Recurring CostsYour recent series of articles (most...

LETTERS TO THE EDITOR

March 16, 1993

Recurring Costs

Your recent series of articles (most recently, Feb. 14) on the declining availability of acute detoxification and ongoing addictions treatment services in the Baltimore area highlights an increasingly severe problem.

As psychiatric consultants to a large, urban emergency room, we think that it is important to emphasize that patients denied substance abuse treatment often do not simply disappear back onto the streets.

Frequently, these patients are channeled into the already overburdened mental health system and end up in state psychiatric hospitals at significant cost to the taxpayers. To be fair, some of these patients do become extremely depressed, suicidal, or psychotic. But others merely seek the safety and security of a hospital to detox and begin their recovery.

Other patients denied substance abuse treatment escalate their antisocial behaviors and end up incarcerated, again at significant cost to the taxpayers, to find the structure, containment, and strictly enforced recovery they sought initially in a much cheaper three-day detox program.

As we all work to establish a national health care plan, and in order to change funding priorities, it must not be forgotten that we all pay for these patients anyway: in prisons, in psychiatric hospitals, in increased crime, in end-stage medical treatment, and in increased health care costs.

Daniel L. Buccino

David U. Cavey

Richard VonFoerster

The writers work for the Emergency Psychiatric Consultation Service, Francis Scott Key Medical Center.

Too Many Guns

In his March 1 column, Theo Lippman Jr. reported that the City Council of Kennesaw, Ga., in 1982 required its heads of households to maintain a firearm, after which Kennesaw's burglaries went down from 55 in 1981 to 40 in 1992, even though meanwhile the population doubled. He then proposed that Charles Village might try that approach "for a while as an experiment."

Such wording seems to suggest that since it would only be an experiment without a long-term commitment, no great harm could come of it.

But can we assume that armed heads of households will never use the guns except in reasonable defense of person or property?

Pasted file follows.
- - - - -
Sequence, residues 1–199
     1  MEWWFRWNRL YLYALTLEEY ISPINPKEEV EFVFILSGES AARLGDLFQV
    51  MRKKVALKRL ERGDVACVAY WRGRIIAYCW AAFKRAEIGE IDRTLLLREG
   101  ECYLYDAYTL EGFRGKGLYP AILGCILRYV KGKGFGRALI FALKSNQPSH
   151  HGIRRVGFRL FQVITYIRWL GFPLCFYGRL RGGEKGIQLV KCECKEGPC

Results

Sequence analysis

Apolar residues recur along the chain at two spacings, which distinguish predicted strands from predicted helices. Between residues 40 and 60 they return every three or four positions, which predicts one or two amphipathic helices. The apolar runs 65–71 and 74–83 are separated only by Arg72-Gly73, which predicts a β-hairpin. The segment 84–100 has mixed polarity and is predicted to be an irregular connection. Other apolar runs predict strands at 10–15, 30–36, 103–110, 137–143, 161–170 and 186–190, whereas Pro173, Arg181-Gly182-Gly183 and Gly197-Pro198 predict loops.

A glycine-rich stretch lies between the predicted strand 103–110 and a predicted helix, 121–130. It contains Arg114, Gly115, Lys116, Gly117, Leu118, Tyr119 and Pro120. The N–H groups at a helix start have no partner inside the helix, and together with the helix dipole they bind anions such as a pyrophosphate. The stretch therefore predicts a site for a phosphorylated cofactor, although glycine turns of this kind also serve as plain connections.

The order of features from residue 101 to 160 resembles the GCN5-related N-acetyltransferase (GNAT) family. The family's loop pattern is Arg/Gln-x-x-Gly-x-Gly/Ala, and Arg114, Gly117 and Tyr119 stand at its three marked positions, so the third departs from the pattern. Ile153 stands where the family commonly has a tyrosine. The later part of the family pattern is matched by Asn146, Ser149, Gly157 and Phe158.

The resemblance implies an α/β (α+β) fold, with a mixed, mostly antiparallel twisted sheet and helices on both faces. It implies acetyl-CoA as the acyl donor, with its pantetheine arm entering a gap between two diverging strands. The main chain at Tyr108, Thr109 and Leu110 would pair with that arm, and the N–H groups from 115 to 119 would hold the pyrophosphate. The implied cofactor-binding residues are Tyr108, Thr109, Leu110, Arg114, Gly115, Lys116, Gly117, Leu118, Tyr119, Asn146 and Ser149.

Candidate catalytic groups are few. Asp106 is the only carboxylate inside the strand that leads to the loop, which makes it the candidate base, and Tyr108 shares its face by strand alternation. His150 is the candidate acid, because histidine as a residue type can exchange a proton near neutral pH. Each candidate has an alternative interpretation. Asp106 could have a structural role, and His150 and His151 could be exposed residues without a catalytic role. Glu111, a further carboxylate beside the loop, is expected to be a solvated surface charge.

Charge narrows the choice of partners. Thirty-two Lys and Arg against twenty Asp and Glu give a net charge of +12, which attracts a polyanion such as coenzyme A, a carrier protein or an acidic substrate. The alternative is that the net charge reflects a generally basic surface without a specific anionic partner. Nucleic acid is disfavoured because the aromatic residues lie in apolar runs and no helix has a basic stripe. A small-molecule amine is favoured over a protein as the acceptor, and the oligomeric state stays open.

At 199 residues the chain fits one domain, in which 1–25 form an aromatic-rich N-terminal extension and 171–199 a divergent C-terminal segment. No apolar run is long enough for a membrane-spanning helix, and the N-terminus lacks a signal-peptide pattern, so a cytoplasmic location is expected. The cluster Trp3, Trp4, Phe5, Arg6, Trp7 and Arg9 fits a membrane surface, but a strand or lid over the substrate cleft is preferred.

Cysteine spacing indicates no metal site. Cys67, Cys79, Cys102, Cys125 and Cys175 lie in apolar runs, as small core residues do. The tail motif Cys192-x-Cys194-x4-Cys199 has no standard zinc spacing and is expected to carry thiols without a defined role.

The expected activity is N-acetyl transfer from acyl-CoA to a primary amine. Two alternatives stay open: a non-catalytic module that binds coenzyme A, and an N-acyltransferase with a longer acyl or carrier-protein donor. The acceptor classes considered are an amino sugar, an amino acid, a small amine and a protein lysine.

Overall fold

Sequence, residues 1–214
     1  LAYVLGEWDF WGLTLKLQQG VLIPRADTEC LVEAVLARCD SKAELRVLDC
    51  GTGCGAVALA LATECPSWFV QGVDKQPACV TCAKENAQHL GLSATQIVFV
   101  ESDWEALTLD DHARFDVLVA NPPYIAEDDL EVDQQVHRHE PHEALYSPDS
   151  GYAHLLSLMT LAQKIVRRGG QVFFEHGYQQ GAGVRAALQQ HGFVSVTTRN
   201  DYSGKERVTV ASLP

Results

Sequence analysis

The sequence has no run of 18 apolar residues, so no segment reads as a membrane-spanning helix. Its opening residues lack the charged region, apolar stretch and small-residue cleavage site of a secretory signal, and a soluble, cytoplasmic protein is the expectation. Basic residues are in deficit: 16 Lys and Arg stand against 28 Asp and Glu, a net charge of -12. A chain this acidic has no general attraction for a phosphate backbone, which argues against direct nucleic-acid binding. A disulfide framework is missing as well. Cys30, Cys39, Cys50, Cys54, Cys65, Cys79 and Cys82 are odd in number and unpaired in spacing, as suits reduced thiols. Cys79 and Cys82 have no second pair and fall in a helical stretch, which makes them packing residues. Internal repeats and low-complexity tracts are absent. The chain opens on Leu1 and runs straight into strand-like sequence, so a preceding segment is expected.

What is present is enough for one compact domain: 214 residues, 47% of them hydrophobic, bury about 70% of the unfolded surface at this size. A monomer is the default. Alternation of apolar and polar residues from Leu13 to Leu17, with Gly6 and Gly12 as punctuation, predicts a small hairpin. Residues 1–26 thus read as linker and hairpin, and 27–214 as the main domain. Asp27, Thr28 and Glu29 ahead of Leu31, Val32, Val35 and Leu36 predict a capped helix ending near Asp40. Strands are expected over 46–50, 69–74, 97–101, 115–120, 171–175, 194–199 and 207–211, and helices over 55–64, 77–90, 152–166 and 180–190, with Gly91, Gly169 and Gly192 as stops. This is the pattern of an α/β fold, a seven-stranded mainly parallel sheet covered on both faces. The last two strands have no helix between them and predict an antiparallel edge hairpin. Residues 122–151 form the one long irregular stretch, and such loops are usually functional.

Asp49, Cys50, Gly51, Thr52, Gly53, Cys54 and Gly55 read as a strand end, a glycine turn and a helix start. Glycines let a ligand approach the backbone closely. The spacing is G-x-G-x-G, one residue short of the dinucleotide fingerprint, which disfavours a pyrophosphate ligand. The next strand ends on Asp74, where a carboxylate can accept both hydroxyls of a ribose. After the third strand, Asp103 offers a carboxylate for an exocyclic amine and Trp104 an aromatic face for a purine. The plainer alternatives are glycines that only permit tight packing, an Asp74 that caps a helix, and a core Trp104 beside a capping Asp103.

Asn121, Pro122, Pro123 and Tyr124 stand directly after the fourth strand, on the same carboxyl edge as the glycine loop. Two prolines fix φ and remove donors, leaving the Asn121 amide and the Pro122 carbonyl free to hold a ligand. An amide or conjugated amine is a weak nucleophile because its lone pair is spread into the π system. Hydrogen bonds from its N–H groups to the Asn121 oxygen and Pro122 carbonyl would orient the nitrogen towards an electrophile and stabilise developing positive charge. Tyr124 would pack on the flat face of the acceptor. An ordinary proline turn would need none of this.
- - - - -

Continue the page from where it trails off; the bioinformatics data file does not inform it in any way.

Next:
Which is worse, a burglary or a gun-caused death in a household which might not have occurred were it gun free?

Moreover, can we assume that once in place those guns will be passed down from responsible owners to gun heirs also responsible?

Many are justly worried about bequeathing our children an increasing national debt.

I say we should also be worried about bequeathing them an increasing abundance of guns.

Norman Henley

Baltimore

Unfit Protest

I was appalled by the actions of a group of Johns Hopkins students who were protesting a display of a Black History Month exhibit.

History is a recording of the events of the past. It is fitting that the many white people who risked and lost their lives to support the freedom of the black man should be honored within that chronicle.

These brave people should be recognized, together with the many who sacrificed their lives in the civil rights movement.

Kobi Little is quoted as saying the display was an "embarrassment" to black students.

No, the actions of the Hopkins protesters are the embarrassment and shame. They are the beneficiaries of the risks taken by many white people who participated in the anti-slave and later, the civil rights movements.

It takes far more courage to put one's life in jeopardy fighting for an unpopular cause than to have a public tantrum within the confines of a coddling university.

Anne R. Klein

Baltimore

Stop Analyzing

We, the people, think that Bill and Hillary Clinton are doing wonderfully well -- and we just hope that those who are acting as political analysts and judges will stop and let them get on with their vision of a better America.

Julia Yohn Pickett

Baltimore

India's Muslims

I would like to invite your attention to the editorial, "India and the Yugoslav Example," which appeared in your esteemed daily on Feb. 10.

The editorial refers to India as ". . . more like a patchwork quilt, composed of two racially distinct ethnic groups, which speak over a dozen different languages, and adherents of every major religion in the world."

I would like to point out that India is not composed of two racially distinct ethnic groups. The Muslims of India are of the same stock as the Hindus.

Your readers may be interested to know that in India, Muslims are spread all over the country. There are Muslim Bengalis, Kerala Muslims, Muslims from Uttar Pradesh and Muslims from Andhra -- each of them speaking the local language and ethnically the same as Hindus from the areas concerned.

G. Jagannathan

Washington

The writer is press counselor at the Embassy of India.

Wrong Message

When Maryland's Senate and House of Delegates recently heard testimony on the keno bills, I made these points in letters to the committees:

Smart economic policy levies taxes on consumption and use, not on savings and investment. Yet Maryland's governor and his legislative leadership turn this on its head. They tax state residents on savings and investment.

Of course, they don't call it taxes. They call it gambling. Yet in effect, every dollar that's gambled is a 100 percent tax on savings and investment. Every dollar gambled is discretionary income that could be saved and invested in Maryland's future.

Of course, not every dollar gambled will otherwise be saved. But the key point is this: Why do Maryland's governor and legislators actively promote gambling and discourage savings and investment? Isn't that the wrong message to be sending Maryland's people?

Maryland deserves better.

Glenwood Gibbs

Edgewater

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